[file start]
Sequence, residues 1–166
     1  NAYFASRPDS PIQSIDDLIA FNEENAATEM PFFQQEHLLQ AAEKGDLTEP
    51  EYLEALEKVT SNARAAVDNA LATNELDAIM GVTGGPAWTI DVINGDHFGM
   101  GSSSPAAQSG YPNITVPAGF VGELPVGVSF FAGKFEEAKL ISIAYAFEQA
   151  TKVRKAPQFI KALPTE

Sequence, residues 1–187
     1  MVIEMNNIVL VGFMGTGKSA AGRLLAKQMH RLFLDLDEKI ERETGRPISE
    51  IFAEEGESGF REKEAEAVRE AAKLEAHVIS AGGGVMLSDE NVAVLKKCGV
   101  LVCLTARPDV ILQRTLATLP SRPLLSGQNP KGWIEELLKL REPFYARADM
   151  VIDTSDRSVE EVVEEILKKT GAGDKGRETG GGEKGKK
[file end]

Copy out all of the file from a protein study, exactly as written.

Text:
Sequence, residues 1–166
     1  NAYFASRPDS PIQSIDDLIA FNEENAATEM PFFQQEHLLQ AAEKGDLTEP
    51  EYLEALEKVT SNARAAVDNA LATNELDAIM GVTGGPAWTI DVINGDHFGM
   101  GSSSPAAQSG YPNITVPAGF VGELPVGVSF FAGKFEEAKL ISIAYAFEQA
   151  TKVRKAPQFI KALPTE

Sequence, residues 1–187
     1  MVIEMNNIVL VGFMGTGKSA AGRLLAKQMH RLFLDLDEKI ERETGRPISE
    51  IFAEEGESGF REKEAEAVRE AAKLEAHVIS AGGGVMLSDE NVAVLKKCGV
   101  LVCLTARPDV ILQRTLATLP SRPLLSGQNP KGWIEELLKL REPFYARADM
   151  VIDTSDRSVE EVVEEILKKT GAGDKGRETG GGEKGKK